At this stage at a game in England, many home fans would have made an early exit. Old Trafford the night before had seen many Manchester United fans head for the car parks in the aftermath of Sergio Aguero’s strike, not waiting to see if their side could force a late goal as they have done so many times before. This was not the case with Dortmund, as the fans somehow managed to increase the volume further still. The corner from Gotze’s chance came to nothing, and there were just nine minutes left for Dortmund to find the goal to send them through and save the tie. This still seemed manageable with BVB in control of the tie, but then came the moment which would surely send Malaga to the last four.
Such was the desperation of Dortmund’s attacks it was inevitable they would be susceptible to a sucker punch, and so it came. Former Arsenal man Julio Baptista rolled the ball past the helpless Dortmund keeper, with the ball appearing to be heading wide until Eliseu made sure. The Portuguese winger looked suspiciously offside, but the protests were to no avail. The goal stood, and Malaga celebrated as if they had won the trophy itself. The players ran to the away end and began scaling the fence to celebrate, as the large traveling section celebrated their moment of glory. For many Borussia Dortmund fans, it was too much to take. The girl stood in the row in front of me collapsed to the ground in tears the moment the ball reached the feet of Eliseu, and hers were not the only tears to fall from the eyes of heartbroken home crowd. They had played so well, won so many friends, beaten some true giants of Europe, and now the dream was over.
All belief seemed to be gone, until an inspirational moment from the Dortmund goalkeeper. He ran to the halfway line to lift his teammates, urging them on and waving his arms to inspire the crowd to give them one last push. The fans responded, with the BORUSSIA BORUSSIA chants still extremely loud, but lacking in real belief that a comeback was possible.
Two goals were needed in eight minutes, with Malaga looking to run out the clock however possible. Goal kicks took an eternity to be taken, while several players threw themselves dramatically to the ground at the slightest hint of contact. As upsetting as it is when it takes place against your team, time-wasting in this fashion is a part of football and the delirious visitors played the tactic perfectly. Hummels came off the bench for Dortmund, with Gundogan the man to give way. There was no need for defending at this stage of the game, but Hummels had the role of playing long balls in to the box. Lewandowski had a header pushed onto the bar, but Malaga stood firm and the game moved into injury time.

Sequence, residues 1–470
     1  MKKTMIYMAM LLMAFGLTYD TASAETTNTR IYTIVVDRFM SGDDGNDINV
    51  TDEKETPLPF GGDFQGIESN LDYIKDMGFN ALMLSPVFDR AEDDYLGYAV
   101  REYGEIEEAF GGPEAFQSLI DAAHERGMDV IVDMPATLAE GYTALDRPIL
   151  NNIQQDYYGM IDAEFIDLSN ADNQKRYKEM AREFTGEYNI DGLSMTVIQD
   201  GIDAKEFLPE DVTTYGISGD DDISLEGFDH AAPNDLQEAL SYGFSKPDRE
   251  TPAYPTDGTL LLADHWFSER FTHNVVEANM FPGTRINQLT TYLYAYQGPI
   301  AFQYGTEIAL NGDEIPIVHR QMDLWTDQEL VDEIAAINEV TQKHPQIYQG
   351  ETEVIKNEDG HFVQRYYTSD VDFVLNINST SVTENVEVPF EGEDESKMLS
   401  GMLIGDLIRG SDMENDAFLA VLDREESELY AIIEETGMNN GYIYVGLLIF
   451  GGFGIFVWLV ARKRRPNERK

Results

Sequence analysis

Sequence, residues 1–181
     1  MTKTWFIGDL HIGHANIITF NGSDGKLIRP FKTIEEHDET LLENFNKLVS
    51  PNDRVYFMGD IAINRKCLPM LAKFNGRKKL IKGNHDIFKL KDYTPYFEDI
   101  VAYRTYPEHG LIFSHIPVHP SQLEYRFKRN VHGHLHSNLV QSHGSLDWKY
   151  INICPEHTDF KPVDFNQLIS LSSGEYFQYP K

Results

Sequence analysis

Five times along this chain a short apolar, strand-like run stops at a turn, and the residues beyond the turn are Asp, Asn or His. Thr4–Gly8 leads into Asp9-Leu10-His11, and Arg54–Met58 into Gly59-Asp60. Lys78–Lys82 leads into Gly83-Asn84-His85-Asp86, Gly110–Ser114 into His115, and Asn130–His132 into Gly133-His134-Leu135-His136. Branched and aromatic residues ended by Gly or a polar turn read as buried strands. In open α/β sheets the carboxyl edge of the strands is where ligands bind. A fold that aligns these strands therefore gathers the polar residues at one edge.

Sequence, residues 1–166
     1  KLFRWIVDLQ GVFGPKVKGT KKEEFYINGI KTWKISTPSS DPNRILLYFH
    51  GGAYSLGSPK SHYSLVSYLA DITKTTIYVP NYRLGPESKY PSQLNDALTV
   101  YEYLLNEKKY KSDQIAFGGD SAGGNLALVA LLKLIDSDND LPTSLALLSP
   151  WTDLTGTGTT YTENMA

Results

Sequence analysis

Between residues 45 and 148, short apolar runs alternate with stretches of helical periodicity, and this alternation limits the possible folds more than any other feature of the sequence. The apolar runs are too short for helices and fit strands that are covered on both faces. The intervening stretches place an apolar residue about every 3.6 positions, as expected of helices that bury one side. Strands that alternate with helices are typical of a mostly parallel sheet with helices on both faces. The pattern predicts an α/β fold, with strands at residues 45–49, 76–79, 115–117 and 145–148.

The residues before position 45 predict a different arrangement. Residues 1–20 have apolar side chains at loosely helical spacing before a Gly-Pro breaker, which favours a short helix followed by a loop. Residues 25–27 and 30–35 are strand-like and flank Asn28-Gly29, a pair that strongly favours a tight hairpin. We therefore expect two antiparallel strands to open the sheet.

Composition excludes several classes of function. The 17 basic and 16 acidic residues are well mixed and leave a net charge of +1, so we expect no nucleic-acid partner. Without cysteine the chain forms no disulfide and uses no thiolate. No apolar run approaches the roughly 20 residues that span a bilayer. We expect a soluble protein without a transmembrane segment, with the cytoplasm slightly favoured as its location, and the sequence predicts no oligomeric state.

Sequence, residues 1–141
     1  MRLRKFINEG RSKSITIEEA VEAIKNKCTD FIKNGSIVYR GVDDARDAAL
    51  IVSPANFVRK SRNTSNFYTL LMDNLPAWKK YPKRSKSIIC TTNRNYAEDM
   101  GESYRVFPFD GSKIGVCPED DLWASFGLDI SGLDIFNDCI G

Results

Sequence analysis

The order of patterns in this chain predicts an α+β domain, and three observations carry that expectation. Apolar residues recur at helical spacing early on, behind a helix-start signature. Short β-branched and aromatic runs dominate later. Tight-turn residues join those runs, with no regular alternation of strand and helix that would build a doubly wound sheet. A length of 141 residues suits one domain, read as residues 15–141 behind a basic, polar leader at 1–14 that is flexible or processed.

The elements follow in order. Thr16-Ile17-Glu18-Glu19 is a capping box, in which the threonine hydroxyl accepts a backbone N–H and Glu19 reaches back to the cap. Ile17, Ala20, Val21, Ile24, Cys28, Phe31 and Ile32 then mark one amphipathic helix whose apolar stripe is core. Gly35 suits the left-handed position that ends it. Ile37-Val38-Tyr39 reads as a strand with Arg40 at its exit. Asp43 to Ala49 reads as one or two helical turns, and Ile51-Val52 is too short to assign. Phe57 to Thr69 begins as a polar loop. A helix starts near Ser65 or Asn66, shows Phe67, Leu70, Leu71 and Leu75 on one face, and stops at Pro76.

Four minutes to go. Four minutes for BVB to somehow pull off something astonishing and make history. As far as the away fans were concerned it was already over, a tremendous party was going on in the far corner of the stadium, with thousands of Malaga fans bouncing up and down and waving their shirts in the air. They had supported their club magnificently, and were just a few short minutes away from the greatest moment in the history of their club. But, just as football can be beautiful, in the same moment it can be incredibly cruel. One mans finest moment is the darkest hour for his rival, and Malaga’s party was about to come to an abrupt end with a series of events I still can’t believe took place.
91 minutes on the clock, and the time for beautiful football has passed. A long ball into the box missed the despairing head of a Spanish defender, winding up at the feet of Reus after a frantic scramble in the box. With the stricken goalkeeper lying helpless on the floor, Reus rolled the ball into the empty net for the equaliser on the night. 2 – 2 after 92 minutes, but Dortmund’s job was not done. The away goals rule meant that this goal was worthless without another, with almost no reaction from any of the black and yellow shirted players as they grabbed the ball and sprinted back to the halfway line. The fans celebrated the goal for a brief second, before screaming at the team to get the game underway to find another.
Surely there was no time for Dortmund to find the crucial third goal? Despite the equaliser from Reus, I never even considered the prospect that the well organised Malaga would let this slip. All they had to do was win possession, run the ball to the corner and the game was over. But this is Borussia Dortmund. And this Borussia Dortmund side has been trained to fight for every second of the game, chase every ball and work for every lost cause. They poured forward once more, every single player charging into the Malaga half with the exception of the goalkeeper. Schmelzer got the ball just outside the area, but was met with a strong tackle. He took a quick throw in to Lewandowski, who lifted the ball into the box. Time seemed to stand still as a sea of Dortmund players challenged for the ball. For the first time all night, Westfalenstadion fell silent. The ball was stabbed across the face of the goal, where substitute Schieber steered it towards goal. Dortmund prepared to erupt, but a despairing lunge kept the ball out. But wait…the rebound falls at the feet of Santana a yard out from goal. It can only have taken a second for the Brazilian defender to put the ball into the goal, but it felt like a full minute had gone by before he put the finishing touch to the miracle in Dortmund. 3 – 2. 93rd minute.